Measuring the employee experience

When measuring the employee experience, Matt uses three levers to benchmark engagement and empower employees — access, availability and autonomy.

1. Access

Using technology to shrink the distance between employees has helped to create more access to leadership. Each employee wants to see Liferay’s CEO and founders regularly, which is why the leadership team holds live digital all-hands meetings, live Q&A sessions and table talks with CEO, Bryan Cheung. Liferay leaders are also responsive on Slack and openly answer as frequently as possible.

2. Availability

As a leadership team, it’s important to make yourself available. While it’s impossible to be everywhere at one time, using technology to leverage availability is key. It’s also important to ensure that employees don’t get the impression that one employee is less important than another because they don’t fit somewhere in the hierarchy.

3. Autonomy

In startups, everyone is a critical piece of the puzzle and rarely feel like just another cog in the wheel. We attempt to mirror that at Liferay, by hiring people who are specialists in their trade, which means we can trust them to make decisions that will lead to a positive impact on the business. Giving people autonomy to make decisions on their own and be their own self-managed guide is crucial.

How has the employee experience shifted since the start of the pandemic?

There's been this idea of the “future of work” that has floated around for a long time. But now the technology is in place to work in a different way and that reality is beginning to transform the way that we work.

Matt says that HR leaders have been waiting for this like a burning platform. If all employees need is a laptop and maybe a headset and a quiet place, why would employees need to ask for permission to work from home?

About 75% of companies in the world have no reason to be in-person, except to soak in that much-needed human interaction. But this idea was considered very progressive until March. Now all of a sudden, the future of work is the stark reality.

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The challenges of going remote

Matt details some of the challenges Liferay has faced going remote, despite being a digitally-driven company are, “As prepared as we were, families were not prepared for this. While we have the infrastructure, the resources and the technology, we need to be patient with our people to catch up, and to care for them in the process.”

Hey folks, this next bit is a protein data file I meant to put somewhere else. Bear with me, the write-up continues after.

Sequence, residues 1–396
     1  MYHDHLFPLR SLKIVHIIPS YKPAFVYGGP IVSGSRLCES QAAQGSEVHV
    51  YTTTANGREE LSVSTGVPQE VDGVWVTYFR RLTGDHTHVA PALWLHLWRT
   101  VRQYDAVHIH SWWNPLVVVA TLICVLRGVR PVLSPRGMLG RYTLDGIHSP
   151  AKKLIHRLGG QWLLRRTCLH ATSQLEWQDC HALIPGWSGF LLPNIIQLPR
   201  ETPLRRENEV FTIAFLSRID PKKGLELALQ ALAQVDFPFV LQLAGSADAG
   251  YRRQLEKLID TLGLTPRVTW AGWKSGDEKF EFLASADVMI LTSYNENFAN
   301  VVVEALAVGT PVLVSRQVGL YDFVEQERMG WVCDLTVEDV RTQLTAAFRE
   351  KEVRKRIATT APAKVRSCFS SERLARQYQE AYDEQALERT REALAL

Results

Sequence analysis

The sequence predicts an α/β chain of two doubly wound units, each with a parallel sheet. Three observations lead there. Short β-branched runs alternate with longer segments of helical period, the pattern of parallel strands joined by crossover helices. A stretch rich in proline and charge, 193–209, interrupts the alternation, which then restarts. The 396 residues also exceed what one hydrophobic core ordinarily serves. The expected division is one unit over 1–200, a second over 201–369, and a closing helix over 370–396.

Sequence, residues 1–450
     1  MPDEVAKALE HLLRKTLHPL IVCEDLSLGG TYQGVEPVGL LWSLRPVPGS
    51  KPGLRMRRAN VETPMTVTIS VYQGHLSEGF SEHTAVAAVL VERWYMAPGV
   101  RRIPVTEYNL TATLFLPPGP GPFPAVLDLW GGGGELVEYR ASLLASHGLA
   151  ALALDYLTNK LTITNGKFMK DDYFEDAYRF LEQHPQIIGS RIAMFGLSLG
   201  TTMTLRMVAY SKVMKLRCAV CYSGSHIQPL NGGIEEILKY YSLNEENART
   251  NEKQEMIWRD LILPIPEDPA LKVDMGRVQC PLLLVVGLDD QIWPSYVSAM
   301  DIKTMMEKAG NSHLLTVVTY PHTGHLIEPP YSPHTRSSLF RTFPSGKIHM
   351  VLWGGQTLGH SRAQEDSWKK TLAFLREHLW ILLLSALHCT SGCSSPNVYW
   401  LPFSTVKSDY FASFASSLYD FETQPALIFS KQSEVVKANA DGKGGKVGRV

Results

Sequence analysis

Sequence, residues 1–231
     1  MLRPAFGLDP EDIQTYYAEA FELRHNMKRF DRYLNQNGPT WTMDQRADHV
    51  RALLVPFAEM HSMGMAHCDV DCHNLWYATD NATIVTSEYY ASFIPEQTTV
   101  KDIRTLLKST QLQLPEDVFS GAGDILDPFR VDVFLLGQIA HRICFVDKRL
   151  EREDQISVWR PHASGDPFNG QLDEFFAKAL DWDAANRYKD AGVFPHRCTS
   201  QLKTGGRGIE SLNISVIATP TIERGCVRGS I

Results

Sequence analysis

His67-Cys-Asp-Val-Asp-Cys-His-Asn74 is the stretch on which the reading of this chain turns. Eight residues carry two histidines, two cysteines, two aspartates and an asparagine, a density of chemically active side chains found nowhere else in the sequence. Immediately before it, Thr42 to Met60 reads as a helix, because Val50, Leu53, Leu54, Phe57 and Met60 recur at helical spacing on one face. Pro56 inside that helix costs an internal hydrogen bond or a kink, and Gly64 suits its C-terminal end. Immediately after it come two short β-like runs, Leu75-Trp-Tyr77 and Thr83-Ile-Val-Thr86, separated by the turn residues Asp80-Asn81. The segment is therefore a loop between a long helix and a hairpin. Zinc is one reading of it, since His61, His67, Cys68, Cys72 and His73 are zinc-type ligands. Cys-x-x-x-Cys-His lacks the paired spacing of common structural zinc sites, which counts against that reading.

“I think if the future of work had come at a time when children could still go to school, it would be a very different experience, but you have a lot of families that are adapting to the future of work, working remotely, and also having to do remote school and be their kids' educator.”

“I think the biggest challenge has come in the area of just helping our people be humans during this time. If they were machines, we'd be set. But there's that human element that's been challenging. It’s about continuing to invest in shaping the employee experience with care and concerns for those small but important interactions they have with our company. The more we invest in that, the better experience our customers will have with our people and our products.”

Encourage a positive employee experience

A positive customer experience boils down to the employee experience, so why not equip your employees with the tools they need to succeed in a digital world, especially as we face this new future of work. 

Increase productivity in your employees and create a collaboration culture with Liferay DXP. Discover how Liferay DXP can help your organisation overcome the common challenges that prevent an organisation from being a truly collaborative workplace and learn about the important ways leadership can help facilitate collaboration.

Originally published
January 12, 2021
 last updated
June 9, 2021